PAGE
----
Q&A

Washer and dryer at the cottage

By Jackie DavisJackie Davis

washerdryer

1 comment

The Question

I’d like to buy a small washer and dryer for my cottage. Do you have any advice about what I should look for?

—Tara George, via e-mail

The Answer

You’ll want to get energy-efficient models. “Energy Star, Energy Star, Energy Star. That’s the golden rule of buying an appliance,” says Ken Elsey, president and CEO of the Canadian Energy Efficiency Alliance. Energy Star-qualified appliances are tops when it comes to efficiency; these washing machines use 35 to 50 per cent less water than conventional models, according to the Office of Energy Efficiency at Natural Resources Canada. Dryers aren’t part of the program because their energy use doesn’t vary a lot between models, but you can look at each unit’s EnerGuide rating (a label that shows annual energy consumption) and compare models. (Do this for the washer too.) You’ll also want to look for a dryer with a moisture sensor, which tells the machine to turn off automatically when the clothes are dry. And remember, buying small appliances will save space but not necessarily energy if you have to run them more often than larger ones. For more tips, visit oee.nrcan.gc.ca.

But wait—before you go shopping, confirm that your septic system was in fact designed to handle a washing machine, says Doug Joy, the director of the Ontario Rural Wastewater Centre. Check your building office, where the septic permit may still be on record, or have an inspector look at your system. Keeping your septic in good shape is another reason to get a machine that uses less water. “The more water you put through the septic system, the harder it has to work, and the more likely it will have problems,” says Joy. Only use bleach when you really need to (it can mess with the organisms in the tank), and use EcoLogo-certified or phosphate-free detergent. Also, “try to avoid doing too many loads of laundry in a row,” says Joy. (Avoid? Laundry? No problem.)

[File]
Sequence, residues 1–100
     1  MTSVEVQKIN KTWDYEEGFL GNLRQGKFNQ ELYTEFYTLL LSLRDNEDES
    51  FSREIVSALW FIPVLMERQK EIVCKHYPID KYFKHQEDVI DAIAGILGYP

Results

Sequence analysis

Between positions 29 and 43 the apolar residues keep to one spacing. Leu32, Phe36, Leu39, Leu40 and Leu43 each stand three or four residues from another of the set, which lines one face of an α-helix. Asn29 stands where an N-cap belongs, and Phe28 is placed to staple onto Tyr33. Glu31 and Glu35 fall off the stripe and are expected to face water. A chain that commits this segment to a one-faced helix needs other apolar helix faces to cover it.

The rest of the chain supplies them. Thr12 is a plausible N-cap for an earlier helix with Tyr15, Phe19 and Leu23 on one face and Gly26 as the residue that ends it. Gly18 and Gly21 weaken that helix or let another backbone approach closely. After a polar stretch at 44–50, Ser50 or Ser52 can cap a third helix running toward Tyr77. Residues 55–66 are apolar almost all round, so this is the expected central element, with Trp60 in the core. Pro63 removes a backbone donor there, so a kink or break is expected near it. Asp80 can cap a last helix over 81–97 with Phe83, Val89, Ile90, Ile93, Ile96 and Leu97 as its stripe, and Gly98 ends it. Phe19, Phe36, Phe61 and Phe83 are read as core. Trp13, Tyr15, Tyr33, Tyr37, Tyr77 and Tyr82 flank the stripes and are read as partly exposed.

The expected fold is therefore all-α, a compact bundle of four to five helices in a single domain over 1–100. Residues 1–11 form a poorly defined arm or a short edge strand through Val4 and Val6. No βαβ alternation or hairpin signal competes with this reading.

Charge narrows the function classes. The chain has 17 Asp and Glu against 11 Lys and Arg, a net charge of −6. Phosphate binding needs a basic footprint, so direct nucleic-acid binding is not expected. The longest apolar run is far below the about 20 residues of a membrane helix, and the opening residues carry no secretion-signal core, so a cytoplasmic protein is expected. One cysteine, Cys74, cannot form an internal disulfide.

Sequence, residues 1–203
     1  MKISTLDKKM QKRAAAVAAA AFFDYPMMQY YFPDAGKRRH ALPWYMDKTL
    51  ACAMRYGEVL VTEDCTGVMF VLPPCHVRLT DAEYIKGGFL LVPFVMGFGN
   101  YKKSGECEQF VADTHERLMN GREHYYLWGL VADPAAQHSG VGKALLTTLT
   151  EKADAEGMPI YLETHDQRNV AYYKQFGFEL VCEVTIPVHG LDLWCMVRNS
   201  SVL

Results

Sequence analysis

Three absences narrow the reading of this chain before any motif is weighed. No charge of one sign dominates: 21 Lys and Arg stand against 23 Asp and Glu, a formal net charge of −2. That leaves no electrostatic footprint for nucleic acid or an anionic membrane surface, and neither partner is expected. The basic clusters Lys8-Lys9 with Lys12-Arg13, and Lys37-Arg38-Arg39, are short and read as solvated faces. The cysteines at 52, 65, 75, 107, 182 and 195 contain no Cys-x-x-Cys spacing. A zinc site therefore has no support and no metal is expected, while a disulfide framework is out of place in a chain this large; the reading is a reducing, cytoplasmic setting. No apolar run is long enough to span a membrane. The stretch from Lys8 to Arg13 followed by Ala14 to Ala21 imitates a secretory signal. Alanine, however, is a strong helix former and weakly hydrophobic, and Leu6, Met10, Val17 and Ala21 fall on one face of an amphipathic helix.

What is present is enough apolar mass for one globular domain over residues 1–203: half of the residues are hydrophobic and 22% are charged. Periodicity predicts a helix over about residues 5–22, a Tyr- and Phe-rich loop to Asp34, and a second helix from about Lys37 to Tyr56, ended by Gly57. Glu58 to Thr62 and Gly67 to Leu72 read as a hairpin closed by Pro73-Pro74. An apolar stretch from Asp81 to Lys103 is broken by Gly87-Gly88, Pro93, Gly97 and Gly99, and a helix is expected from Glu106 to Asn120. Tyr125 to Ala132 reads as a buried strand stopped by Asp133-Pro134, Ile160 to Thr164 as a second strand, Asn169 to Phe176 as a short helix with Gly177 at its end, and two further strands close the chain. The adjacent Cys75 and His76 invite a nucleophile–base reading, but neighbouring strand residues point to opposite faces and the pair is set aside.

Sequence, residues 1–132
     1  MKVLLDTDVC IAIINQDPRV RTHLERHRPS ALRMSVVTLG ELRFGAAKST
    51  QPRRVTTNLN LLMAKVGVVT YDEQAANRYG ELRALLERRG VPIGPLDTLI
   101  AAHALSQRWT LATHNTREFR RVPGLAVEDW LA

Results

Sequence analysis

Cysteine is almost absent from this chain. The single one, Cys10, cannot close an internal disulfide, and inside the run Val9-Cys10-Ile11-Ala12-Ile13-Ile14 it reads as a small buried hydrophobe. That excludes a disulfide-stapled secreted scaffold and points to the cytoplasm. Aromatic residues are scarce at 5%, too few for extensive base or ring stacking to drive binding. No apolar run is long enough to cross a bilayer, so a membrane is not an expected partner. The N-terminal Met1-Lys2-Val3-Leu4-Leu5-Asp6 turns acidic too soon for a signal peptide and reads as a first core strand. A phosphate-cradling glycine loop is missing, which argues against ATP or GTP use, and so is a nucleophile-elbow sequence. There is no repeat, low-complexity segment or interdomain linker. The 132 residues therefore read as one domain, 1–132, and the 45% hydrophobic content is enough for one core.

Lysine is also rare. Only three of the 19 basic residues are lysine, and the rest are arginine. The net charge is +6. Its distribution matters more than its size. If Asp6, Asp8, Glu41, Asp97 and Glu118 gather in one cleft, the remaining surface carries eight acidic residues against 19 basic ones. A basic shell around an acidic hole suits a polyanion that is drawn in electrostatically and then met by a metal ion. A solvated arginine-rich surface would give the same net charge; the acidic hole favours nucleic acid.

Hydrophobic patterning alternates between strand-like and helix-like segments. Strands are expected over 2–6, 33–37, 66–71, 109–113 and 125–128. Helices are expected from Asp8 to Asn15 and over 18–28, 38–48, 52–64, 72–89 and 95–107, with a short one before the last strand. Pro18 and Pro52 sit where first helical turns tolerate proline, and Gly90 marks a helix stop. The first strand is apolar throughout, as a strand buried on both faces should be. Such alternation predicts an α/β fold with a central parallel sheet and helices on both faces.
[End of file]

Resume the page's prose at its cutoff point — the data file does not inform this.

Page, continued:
You should know that unfiltered water from your lake or a well may affect your clothes, says Elsey, who recently installed a high-efficiency washer and dryer at his cottage on the Severn River. For example, if there are a lot of tannins (from decayed vegetation)—and you don’t filter them out—your clothes could come 
out of the wash stained…which sort of defeats the purpose of washing them.


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mchristopher@archrefac.com

May. 2, 2013

1:43 pm

what about winterizing the washer if the cottage freezes in winter? will the remaining water in the pump damage the pump if it freezes?


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